Having zealously followed Royal Blood for more than four years without ever seeing them perform outside of various festival settings, I could not have been more eager to imbibe the unique ether always generated by any band in possession of the full venue to themselves and at leisure to unleash their particular brand of thunder without rivalry or regard. I knew from past experiences that Royal Blood was going to melt my face off in the very best way that a rock band can, but I was unprepared for the sheer, Gravitron-effect decibel value of this band indoors, and in a place with the ringing, high-ceilinged acoustics of The Guildhall in Southampton on Friday, August 9th. Royal Blood slammed the audience’s collective back against the metaphorical spinning wall, with almost taunting un-forgiveness, from the very first song and for the next two hours the stone surroundings of the Guildhall/Gravitron seemed to waver in attempts to provide ballast to the bicameral bombast.
“Figure It Out” and “Out Of The Black” were obvious, crowd-delighting scream-a-longs and one could not help but marvel yet again that all these dimensions of sound are being created by just two lads. This show did make me fully come to grips with the fact that the cubic measure of Royal Blood’s sonic power compasses a great deal more than volume. The band is made bigger also, and in at least as great a portion, by lyrics centered on covetous love and rapacious hopes. Their fulminating, heavy-distortion instrumental undercurrents are counterbalanced by the barefaced brotherly love on lively, unrestrained display between lead vocalist Mike Kerr and drummer Ben Thatcher, as well as by their overt passion for what they are doing. I witnessed no evidence that the aforesaid fervor has grown road-weary via their recent intensive touring itinerary. Perhaps nowhere was this more self-evident than in the transporting moments when both Kerr and Thatcher brought their respective doting fathers on stage, Thatcher’s to assist in banging the infamously mighty gong behind the drum kit, and Kerr’s to render the audience beguiled by an impromptu trumpet solo.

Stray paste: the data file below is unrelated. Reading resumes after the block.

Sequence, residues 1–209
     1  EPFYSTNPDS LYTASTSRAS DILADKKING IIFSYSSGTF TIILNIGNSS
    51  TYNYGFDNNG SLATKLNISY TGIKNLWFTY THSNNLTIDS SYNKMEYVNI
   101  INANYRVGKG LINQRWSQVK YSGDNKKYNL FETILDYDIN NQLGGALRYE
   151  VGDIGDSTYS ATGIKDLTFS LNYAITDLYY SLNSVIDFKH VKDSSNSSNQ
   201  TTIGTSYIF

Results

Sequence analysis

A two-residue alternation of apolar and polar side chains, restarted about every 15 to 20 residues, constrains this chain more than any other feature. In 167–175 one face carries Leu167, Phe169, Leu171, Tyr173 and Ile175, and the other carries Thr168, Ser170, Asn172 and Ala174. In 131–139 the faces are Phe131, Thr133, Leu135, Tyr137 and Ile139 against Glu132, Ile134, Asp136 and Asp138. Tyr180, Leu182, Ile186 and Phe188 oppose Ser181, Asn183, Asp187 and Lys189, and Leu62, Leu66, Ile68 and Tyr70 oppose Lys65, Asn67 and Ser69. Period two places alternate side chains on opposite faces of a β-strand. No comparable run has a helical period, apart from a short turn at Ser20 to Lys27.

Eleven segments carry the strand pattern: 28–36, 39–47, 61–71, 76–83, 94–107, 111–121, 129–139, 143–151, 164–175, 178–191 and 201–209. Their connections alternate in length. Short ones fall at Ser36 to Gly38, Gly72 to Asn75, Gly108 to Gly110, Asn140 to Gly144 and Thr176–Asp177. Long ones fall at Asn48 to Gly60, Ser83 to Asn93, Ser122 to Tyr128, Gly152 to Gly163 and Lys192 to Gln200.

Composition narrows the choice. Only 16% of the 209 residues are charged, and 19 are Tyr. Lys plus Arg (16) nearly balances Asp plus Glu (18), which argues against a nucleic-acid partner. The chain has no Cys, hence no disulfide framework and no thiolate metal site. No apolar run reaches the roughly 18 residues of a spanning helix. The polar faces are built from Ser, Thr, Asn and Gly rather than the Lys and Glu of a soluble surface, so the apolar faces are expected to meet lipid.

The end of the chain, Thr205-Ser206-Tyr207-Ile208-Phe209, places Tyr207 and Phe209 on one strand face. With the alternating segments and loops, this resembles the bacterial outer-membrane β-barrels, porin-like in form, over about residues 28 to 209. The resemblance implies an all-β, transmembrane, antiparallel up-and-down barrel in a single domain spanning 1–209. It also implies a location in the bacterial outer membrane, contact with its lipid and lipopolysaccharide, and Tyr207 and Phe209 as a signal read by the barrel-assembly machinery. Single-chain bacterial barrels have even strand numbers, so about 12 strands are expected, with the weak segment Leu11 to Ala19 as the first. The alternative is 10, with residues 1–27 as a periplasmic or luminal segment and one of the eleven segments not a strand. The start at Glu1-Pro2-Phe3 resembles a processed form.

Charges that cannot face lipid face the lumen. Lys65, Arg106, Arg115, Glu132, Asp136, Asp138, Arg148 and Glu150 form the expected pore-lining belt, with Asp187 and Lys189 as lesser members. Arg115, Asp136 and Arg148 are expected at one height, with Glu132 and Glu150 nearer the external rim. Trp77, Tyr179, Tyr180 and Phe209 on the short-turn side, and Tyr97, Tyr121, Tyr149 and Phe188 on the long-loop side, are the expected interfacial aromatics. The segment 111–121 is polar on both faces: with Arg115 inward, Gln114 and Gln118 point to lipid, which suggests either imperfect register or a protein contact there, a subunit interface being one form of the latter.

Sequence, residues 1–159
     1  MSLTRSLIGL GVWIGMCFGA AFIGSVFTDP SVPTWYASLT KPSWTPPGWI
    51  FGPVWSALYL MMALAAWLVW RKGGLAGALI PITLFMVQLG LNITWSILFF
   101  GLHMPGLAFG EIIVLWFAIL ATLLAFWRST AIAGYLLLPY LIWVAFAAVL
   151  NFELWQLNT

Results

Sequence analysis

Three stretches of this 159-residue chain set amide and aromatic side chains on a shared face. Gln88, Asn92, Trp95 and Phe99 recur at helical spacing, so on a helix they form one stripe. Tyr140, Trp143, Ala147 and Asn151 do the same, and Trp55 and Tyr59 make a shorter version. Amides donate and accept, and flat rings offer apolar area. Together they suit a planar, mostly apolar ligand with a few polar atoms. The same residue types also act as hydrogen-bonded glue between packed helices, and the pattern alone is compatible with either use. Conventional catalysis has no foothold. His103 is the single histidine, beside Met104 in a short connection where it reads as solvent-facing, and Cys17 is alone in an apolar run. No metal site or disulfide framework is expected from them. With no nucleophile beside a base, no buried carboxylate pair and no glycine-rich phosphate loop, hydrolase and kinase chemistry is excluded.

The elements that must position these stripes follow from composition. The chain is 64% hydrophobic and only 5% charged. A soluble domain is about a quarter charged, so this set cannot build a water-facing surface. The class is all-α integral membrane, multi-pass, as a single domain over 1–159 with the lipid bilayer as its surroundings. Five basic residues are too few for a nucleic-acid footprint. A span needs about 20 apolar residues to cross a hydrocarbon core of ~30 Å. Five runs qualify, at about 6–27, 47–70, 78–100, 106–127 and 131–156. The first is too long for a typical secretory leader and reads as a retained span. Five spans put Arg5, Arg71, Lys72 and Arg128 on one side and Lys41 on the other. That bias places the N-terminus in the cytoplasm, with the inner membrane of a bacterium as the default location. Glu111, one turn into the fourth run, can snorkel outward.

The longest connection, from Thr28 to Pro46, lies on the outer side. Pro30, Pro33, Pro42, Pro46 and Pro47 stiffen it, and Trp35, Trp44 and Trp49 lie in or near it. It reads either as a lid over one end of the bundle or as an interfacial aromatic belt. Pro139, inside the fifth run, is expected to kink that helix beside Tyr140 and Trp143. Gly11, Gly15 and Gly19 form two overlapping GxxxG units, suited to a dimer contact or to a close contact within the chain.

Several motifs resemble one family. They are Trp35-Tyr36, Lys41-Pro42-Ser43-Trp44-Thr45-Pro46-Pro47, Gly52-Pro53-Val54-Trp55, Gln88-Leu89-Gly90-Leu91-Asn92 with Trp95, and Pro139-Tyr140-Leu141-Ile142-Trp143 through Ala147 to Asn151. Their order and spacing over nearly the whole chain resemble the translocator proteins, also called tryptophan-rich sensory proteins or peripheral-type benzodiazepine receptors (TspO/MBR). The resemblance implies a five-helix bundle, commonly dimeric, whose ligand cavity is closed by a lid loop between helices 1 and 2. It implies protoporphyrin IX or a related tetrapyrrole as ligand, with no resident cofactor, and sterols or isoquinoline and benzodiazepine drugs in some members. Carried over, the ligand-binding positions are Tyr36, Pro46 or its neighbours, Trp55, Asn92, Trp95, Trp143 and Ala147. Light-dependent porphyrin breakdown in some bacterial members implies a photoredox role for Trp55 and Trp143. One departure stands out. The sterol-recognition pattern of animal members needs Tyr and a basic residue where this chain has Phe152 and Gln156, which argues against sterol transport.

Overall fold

If you have the guts to admit that you still like your rock raucous and vehement, Royal Blood remains the best kind of obstreperous and will not disappoint you. I am certainly unabashedly of the original school of rock that espouses the terminal nature of your age if you so much as subconsciously dare to take anything but appreciative note of a band’s volume. Their choice of The Mysterines, of Liverpool, as opening act shows them not only adroit at giving proper exposure to lesser-known bands that should be on heavy rotation everywhere, but also unrelenting in their dedication to keeping the mood hard, heavy, and haywire at all times—traits I will continue to wish more bands of every stripe could ‘figure out’ with even half so much sagacity.